“Moral Monday” protesters demonstrating inside the North Carolina General Assembly on June 10, 2013. (Photo courtesy of the North Carolina NAACP)
“Outsiders are coming in and they’re going to try to do to us what they did to Scott Walker in Wisconsin,” North Carolina Republican Governor Pat McCrory said yesterday, in response to the growing “Moral Monday” protest movement.
North Carolina is the new Wisconsin, but not for the reasons McCrory alleges. Like in Wisconsin, a homegrown grassroots resistance movement has emerged—and grown rapidly—to challenge the drastic right-wing agenda unveiled by Republicans in the state. Just like the Koch brothers backed Scott Walker, the Koch’s billionaire ally and close associate Art Pope funded North Carolina’s Republican takeover in 2010 and 2012. (Only McCrory went a step further and actually named Pope to his inner circle as deputy budget director.) And North Carolina, like Wisconsin, is “a state fight with national implications,” says Rev. William Barber of the North Carolina NAACP. Republicans have imported a slew of ALEC-inspired policies in an attempt to turn the New South back into the Old Confederacy.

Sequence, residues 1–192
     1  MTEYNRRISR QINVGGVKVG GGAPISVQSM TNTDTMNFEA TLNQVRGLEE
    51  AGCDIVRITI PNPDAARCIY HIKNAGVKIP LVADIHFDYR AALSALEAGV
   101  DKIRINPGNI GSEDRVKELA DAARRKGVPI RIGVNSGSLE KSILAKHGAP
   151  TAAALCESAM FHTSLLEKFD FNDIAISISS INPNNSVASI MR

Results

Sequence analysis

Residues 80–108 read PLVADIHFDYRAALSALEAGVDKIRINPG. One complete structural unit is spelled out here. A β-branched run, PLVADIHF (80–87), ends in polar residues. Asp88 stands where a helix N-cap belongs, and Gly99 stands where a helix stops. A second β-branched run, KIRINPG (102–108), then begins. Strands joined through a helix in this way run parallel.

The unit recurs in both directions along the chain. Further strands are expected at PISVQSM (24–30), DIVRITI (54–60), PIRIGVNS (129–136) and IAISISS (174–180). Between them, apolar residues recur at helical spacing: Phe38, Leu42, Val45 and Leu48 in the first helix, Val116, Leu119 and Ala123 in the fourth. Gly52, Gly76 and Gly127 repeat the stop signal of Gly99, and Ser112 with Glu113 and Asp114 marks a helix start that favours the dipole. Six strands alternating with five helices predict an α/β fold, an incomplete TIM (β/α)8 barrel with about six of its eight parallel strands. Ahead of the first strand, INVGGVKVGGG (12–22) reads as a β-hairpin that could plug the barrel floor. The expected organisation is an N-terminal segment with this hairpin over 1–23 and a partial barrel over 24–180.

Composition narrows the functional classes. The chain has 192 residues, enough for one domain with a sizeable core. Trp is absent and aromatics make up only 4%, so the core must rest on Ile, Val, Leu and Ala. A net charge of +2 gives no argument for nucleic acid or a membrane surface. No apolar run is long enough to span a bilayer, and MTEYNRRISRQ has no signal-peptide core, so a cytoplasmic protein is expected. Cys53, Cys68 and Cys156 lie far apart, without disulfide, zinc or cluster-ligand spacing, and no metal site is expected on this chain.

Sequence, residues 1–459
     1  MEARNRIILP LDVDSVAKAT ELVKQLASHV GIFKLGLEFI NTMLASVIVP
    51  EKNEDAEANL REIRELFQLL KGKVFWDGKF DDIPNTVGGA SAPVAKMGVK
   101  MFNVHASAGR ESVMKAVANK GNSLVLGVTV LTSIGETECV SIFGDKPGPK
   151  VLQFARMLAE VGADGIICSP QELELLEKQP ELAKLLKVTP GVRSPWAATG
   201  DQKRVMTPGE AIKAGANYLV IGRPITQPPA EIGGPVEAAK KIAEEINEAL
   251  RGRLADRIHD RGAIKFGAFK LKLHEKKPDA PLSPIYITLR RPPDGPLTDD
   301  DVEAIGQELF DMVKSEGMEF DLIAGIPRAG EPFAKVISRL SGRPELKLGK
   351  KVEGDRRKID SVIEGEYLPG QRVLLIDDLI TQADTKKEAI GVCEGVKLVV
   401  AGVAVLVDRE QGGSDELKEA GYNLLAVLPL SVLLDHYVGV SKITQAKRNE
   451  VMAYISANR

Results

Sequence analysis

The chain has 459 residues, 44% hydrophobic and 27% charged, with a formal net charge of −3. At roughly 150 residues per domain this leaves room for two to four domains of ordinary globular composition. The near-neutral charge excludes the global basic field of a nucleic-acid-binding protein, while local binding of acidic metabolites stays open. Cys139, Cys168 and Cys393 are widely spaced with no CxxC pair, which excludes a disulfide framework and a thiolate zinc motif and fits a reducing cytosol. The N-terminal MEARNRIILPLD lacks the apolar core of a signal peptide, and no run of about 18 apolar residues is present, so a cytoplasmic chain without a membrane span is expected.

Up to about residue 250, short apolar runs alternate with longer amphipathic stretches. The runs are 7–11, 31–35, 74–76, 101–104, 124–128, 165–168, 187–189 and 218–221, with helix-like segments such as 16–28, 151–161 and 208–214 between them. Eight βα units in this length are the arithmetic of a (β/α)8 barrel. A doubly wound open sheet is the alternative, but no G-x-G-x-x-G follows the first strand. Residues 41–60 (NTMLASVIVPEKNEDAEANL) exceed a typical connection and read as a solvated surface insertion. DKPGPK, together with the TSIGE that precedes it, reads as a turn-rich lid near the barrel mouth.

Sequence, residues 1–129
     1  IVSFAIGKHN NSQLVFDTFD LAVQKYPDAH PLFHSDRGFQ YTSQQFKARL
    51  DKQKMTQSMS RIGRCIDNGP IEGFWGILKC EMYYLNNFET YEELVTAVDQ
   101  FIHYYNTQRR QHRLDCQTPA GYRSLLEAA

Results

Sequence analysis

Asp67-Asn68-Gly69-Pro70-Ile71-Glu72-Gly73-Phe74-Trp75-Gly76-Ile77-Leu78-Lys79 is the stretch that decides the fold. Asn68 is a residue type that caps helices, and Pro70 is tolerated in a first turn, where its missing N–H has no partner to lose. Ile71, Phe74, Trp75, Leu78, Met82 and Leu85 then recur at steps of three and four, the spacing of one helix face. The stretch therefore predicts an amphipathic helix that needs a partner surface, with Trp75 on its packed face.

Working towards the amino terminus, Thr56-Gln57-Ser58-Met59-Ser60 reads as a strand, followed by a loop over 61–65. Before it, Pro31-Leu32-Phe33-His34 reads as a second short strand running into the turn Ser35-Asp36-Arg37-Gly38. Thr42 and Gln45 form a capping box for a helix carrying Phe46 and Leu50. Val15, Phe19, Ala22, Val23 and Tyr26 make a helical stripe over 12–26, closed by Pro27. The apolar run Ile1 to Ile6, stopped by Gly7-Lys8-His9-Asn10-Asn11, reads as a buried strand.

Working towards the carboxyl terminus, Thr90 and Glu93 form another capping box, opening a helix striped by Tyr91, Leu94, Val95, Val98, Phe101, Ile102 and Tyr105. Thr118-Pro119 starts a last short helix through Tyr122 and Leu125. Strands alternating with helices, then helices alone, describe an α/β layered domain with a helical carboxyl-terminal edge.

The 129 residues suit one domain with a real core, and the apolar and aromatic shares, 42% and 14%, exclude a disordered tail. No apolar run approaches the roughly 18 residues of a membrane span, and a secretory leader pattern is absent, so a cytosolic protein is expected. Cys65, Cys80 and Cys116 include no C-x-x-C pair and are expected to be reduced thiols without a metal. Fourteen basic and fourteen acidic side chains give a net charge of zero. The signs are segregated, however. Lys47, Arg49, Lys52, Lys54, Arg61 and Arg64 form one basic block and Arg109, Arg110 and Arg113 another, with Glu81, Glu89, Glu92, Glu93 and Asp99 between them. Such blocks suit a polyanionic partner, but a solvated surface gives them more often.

Melissa Harris-Perry covered the North Carolina “Moral Monday” movement extensively on her MSNBC show last Saturday. I was one of the panelists.
In a few months since taking over power for the first time in one hundred years, North Carolina Republicans have passed or introduced legislation that would: eliminate the earned income tax credit for 900,000; decline Medicaid coverage for 500,000 and privatize public healthcare in the state; end unemployment benefits for 165,000 in a state with the country’s fifth-highest unemployment rate; cut pre-K for 30,000 kids while shifting $90 million from public education to voucher schools; cut taxes for the top 5 percent while raising taxes on the bottom 95 percent; allow for guns to be purchased without a background check and carried in parks, playgrounds, restaurants and bars; do away with public financing of judicial races; prohibit death row inmates from challenging racially discriminatory verdicts; and on it goes. (Unlike in Wisconsin, North Carolinians have no collective bargaining rights to protect).